Among the automotive industry’s many shifts over the past decade are changes to the light vehicle sourcing framework. Though global light vehicle sales have grown by roughly 20-million units since 2003 (up to 82-million units today), volume in the developed markets of the United States and Canada, Western Europe, Japan, and Australia has declined by more than 4-million units. Since 2003, sales share in these developed markets has dropped from approximately 74% to less than 50%. By 2020, IHS predicts a further decline to less than 42% across the developed markets. As emerging markets have been the industry engine, a byproduct of this unbalanced growth has been a myriad of structural changes impacting location, scale, and interconnections within the global automotive value chain.
Beyond the demand generated from millions of new emerging market consumers with rising incomes allowing them to purchase vehicles are critical supply-side considerations including:
• Can existing vehicle and component supply networks efficiently adapt to feed these new markets?
• Where is the capital, trained workforces, and infrastructure to enable this production co-location?
• How do the countries grapple with the social costs of shifting capacity and varying utilization rates?
Tariffs and non-tariff barriers are the main decision driver for adding vehicle and powertrain production in emerging markets. Importing into a high-growth market with tariffs reaching 35% is uncompetitive in most cases. The only alternative is to build a domestic production infrastructure to satisfy demand, yet vehicle production networks, including component and logistics suppliers, require years to develop.
In the past, the industry would export vehicles from a home market, hoping to maintain strong utilization of these core facilities. Utilizing existing production and logistics structures was the easiest and most efficient mode to meet export demand. This model was employed by Japanese, German, and Korean vehicle manufacturers to varying degrees until economic, consumer, and political forces dictated otherwise. As recently as 2008, the vehicle sourcing interconnection between regions reached 19% of total global output. Today, this is declining steadily toward 15%. By 2020, this could amount to a swing of more than 4-million units essentially built within a region instead of shipped to reduce risk.
The onset of multi-region vehicle platforms, born from the competitive requirement to reduce development costs, speed time to market, and reduce tooling costs, enables this movement. Ford ‘s “One Ford” plan leverages the ability to design a single vehicle platform structure flexible enough to base a number of similar-sized vehicles on and to build those vehicles with similar processes. Since Ford implemented this strategy, virtually every global OEM has followed suit.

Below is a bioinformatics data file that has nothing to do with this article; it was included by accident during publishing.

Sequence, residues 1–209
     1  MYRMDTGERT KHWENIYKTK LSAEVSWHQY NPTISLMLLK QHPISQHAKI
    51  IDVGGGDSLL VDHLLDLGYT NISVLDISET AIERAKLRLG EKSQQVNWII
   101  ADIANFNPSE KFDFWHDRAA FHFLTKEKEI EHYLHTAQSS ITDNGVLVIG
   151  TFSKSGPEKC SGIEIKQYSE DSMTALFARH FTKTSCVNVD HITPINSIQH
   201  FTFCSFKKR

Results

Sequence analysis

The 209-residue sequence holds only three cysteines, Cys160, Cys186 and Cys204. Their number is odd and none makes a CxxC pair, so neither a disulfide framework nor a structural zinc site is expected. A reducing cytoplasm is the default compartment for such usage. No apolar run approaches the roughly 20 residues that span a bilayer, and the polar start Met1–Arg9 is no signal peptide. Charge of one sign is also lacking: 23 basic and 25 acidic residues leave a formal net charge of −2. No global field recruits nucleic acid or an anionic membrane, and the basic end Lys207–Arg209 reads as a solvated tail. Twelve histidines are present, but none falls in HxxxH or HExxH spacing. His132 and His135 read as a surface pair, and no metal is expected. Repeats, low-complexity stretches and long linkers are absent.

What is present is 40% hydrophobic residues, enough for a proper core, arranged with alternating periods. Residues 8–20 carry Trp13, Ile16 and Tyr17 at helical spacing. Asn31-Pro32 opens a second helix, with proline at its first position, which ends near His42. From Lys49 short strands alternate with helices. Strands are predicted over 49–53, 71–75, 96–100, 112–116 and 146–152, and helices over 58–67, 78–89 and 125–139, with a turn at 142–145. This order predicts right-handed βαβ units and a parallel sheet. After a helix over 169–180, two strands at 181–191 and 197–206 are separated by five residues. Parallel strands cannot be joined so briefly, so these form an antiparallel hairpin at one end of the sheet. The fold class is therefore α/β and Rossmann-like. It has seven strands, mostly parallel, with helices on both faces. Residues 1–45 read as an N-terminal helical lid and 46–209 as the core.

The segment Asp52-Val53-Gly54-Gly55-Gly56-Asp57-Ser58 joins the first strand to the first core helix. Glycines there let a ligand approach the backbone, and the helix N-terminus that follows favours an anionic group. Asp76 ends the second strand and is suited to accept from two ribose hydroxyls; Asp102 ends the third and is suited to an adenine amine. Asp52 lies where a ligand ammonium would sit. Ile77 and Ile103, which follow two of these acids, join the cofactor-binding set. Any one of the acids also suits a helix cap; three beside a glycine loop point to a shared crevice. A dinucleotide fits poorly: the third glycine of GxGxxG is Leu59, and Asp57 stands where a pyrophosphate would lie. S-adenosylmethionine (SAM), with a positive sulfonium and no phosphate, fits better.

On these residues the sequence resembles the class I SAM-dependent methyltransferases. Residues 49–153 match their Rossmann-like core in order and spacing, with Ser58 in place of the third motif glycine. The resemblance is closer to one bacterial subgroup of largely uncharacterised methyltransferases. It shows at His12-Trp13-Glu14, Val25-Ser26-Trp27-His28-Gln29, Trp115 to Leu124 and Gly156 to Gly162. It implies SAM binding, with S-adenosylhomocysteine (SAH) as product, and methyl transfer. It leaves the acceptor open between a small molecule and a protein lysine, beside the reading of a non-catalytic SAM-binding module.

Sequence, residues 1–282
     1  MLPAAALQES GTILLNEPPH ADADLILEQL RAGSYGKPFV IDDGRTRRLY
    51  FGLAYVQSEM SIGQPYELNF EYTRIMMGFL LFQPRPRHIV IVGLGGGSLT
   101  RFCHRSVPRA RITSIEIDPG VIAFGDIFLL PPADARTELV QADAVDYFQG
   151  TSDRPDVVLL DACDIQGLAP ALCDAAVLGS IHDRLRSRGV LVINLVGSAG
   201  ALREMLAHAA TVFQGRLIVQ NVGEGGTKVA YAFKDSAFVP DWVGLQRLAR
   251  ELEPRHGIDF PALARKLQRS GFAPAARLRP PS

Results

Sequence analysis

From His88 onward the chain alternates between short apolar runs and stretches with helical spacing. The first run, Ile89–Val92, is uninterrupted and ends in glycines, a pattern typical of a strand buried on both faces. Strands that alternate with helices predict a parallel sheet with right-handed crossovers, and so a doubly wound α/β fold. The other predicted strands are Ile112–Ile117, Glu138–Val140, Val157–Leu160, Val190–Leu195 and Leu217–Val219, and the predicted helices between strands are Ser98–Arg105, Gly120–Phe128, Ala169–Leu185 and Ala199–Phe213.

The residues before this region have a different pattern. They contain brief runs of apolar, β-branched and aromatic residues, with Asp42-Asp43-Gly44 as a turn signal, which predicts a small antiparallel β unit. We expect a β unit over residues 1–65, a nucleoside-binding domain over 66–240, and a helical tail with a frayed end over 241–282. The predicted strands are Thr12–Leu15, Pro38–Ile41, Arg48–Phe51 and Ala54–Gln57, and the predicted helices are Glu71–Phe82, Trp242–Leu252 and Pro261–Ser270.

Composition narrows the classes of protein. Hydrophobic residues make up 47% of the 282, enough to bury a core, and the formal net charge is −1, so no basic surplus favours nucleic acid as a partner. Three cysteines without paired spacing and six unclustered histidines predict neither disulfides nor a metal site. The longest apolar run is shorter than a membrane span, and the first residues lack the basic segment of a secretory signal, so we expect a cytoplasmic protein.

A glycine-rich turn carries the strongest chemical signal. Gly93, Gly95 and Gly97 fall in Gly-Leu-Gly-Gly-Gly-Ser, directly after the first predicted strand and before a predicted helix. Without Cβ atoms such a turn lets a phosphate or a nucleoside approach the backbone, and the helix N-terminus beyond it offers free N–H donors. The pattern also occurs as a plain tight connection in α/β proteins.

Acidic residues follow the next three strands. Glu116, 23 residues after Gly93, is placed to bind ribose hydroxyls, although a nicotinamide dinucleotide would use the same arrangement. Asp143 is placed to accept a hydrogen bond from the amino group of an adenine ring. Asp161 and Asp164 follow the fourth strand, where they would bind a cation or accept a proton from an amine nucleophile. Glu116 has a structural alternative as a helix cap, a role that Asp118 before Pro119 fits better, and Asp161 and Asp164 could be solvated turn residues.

Fallout from these emerging markets capacity additions is startling. One major example is that the traditional model of satisfying export demand from the vehicle manufacturer’s home country is quickly waning. Since 2003, production capacity grew by more than 24-million units of production capacity globally. This reflects a growth of 29-million units within developing market production locations as well as a decline of more than 4-million units in developed markets.
Currency swings between key trading partners are also propelling vehicle manufacturers to shift vehicle and powertrain production closer to the sales destination. Over the past decade, the U.S. dollar (USD) to Euro exchange rate has had less than a 10% differential, though in the midst of this period there have been substantial swings—in one instance declining more than 20% in a two-year period. USD to Yen exchange rate shifts have been more pronounced. In a hyper-competitive environment, changes in vehicle costs driven by currency are difficult to absorb into sticky vehicle prices.
Other factors driving increased production co-location are escalating logistics costs, reducing in-transit inventory, and political leverage. Similar to the light vehicle market, emissions legislation is impacting deep sea shippers in a profound manner. The need to burn cleaner fuels is raising fuel costs substantially (reaching approximately 45% of total ship operating costs) through this decade. Lastly, as has been witnessed in Western Europe, Canada and Australia of late, the elimination of production capacity is a matter of national economic welfare as thousands of direct and indirect jobs are at stake.
Looking forward, increasing competitiveness driven by uneven market growth and the costs and exposure impacting importation will drive vehicle manufacturers to evaluate the risk of maintaining the status quo. Reducing risk throughout the vehicle sourcing value chain will continue to be a critical industry focal point, and how each country grapples with the economic fallout will be important to watch.
Michael Robinet has been a managing director of IHS Automotive Consulting since 2011. Prior to that, he was the director of Global Production Forecasts for IHS Automotive. His areas of expertise include global vehicle production and capacity forecasting, future product program intelligence, platform consolidation and globalization trends, trade flow/sourcing strategies, and OEM footprint/logistics trends. www.ihs.com